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Readout of 26th Annual HHS Tribal Budget Consultation

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Deputy Secretary Palm Highlighted the Importance of Tribal Self-Determination, Improving Health Coverage, and Addressing Health Disparities 

From April 9-10, the U.S. Department of Health and Human Services (HHS) hosted the 26th annual Tribal Budget Consultation at HHS headquarters in Washington, DC. This forum brought together HHS leaders and financial officers to consult with Tribal leaders on funding and policy priorities for the HHS FY 2026 budget. During this year’s Tribal Budget Consultation and in the days following the forum, HHS leaders, including Deputy Secretary Andrea Palm, engaged with Tribal leaders directly on how HHS can best support Tribal communities.

HHS Deputy Secretary Andrea Palm underscored HHS’ commitment work together with Tribal leaders to address Tribal health disparities and improve outcomes. Some of the priorities Deputy Secretary Palm highlighted included promoting Tribal self-determination, expanding coverage and lowering health care costs, expanding access to mental health and substance use disorder services in Indian Country, providing culturally-relevant care for Indigenous peoples, and investing in the wellbeing of children and families.

Since 2021, the Biden-Harris Administration has made historic progress in prioritizing the needs of Tribal communities across the nation. For the first time in history, the Biden-Harris Administration’s FY2023 budget provided the Indian Health Service (IHS) with advance appropriations, giving IHS budget certainty. Moreover, through funds allocated from the American Rescue Plan, HHS has invested over $5 billion to combat COVID-19 in Indian Country and improve equitable access to vaccines. Furthermore, the Inflation Reduction Act is already delivering lower prescription drug costs, making health insurance more affordable, and making the economy work for working families, including those in Tribal communities.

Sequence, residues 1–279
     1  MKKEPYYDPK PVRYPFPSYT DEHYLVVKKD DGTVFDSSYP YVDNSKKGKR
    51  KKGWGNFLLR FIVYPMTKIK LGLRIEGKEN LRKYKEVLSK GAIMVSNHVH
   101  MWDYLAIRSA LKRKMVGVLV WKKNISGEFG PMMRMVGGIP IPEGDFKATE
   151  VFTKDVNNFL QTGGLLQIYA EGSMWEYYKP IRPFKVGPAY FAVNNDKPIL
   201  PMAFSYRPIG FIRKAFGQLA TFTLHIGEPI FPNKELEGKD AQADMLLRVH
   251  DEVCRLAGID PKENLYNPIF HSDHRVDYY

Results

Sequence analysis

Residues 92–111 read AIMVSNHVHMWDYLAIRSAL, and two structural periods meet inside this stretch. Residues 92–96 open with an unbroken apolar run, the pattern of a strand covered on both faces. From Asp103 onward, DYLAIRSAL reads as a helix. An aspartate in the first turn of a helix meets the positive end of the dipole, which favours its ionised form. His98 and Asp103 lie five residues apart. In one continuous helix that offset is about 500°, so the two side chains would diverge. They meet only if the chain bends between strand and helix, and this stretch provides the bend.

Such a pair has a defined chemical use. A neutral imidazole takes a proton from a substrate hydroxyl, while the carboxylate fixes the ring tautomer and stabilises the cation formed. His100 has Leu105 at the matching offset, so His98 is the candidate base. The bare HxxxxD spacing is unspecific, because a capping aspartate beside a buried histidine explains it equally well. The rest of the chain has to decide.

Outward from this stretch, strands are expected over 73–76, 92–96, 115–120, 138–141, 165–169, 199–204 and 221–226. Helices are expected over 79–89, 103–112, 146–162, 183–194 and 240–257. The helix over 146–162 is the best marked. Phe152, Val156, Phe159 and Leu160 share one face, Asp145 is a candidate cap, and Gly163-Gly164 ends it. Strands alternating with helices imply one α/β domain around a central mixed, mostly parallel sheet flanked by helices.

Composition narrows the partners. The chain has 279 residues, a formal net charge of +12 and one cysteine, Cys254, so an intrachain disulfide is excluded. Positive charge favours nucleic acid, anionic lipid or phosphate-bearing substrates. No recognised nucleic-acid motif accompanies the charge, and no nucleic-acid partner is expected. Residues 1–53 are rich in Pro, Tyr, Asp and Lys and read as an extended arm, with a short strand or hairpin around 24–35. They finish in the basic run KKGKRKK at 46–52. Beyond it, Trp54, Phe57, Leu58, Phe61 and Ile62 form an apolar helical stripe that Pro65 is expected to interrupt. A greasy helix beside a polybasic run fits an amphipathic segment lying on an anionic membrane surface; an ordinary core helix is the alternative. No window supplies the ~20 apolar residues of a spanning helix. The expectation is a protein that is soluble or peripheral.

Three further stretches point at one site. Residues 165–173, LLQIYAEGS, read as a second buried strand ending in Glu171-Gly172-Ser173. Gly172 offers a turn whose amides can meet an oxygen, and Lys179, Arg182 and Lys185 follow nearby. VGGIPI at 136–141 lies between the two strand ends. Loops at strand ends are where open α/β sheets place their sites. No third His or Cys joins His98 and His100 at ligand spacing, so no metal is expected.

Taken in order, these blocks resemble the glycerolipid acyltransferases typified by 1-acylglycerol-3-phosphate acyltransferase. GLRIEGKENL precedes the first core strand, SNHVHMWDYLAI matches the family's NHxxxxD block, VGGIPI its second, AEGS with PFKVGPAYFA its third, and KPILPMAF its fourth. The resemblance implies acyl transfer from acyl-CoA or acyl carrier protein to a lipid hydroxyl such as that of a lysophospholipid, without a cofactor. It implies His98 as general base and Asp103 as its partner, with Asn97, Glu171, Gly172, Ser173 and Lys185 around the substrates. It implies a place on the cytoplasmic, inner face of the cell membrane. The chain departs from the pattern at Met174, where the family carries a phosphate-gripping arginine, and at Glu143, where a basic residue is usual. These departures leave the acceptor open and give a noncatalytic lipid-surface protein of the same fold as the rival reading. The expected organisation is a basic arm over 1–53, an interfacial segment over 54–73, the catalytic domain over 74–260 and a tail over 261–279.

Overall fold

Additionally, President Biden’s FY 2025 budget allocates $8.0 billion in discretionary funding for IHS, representing an increase of $1.0 billion from the previous year. This funding will support over 14 million inpatient and outpatient visits, 1.1 million dental health visits, 931,000 mental health visits, and over 100,000 substance use visits within Indigenous communities. The budget proposes full mandatory funding for IHS beginning in FY 2026, with funding expected to grow by 427 percent over a decade, amounting to an additional $34 billion. The budget includes provisions to address health disparities, improve maternal and reproductive health outcomes, expand access to behavioral health care, and support early childhood education and childcare affordability in Native American communities.

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